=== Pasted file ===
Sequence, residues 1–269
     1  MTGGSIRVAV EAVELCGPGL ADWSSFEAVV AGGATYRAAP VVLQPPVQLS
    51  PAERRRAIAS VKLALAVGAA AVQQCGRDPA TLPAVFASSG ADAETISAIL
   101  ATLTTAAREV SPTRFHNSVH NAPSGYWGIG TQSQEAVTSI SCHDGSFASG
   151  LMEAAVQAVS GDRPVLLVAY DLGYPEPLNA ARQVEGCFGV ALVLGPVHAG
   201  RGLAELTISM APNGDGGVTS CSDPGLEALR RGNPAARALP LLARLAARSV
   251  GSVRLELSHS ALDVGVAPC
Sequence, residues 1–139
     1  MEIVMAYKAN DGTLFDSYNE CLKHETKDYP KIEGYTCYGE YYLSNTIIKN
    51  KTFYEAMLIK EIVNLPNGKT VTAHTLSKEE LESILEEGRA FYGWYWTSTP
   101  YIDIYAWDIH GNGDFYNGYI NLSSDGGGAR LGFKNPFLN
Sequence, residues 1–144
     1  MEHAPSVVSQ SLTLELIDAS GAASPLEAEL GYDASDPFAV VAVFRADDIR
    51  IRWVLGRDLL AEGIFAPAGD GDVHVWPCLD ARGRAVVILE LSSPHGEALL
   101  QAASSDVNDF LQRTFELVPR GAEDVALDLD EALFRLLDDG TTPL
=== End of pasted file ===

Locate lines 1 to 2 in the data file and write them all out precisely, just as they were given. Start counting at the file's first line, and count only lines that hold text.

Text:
Sequence, residues 1–269
     1  MTGGSIRVAV EAVELCGPGL ADWSSFEAVV AGGATYRAAP VVLQPPVQLS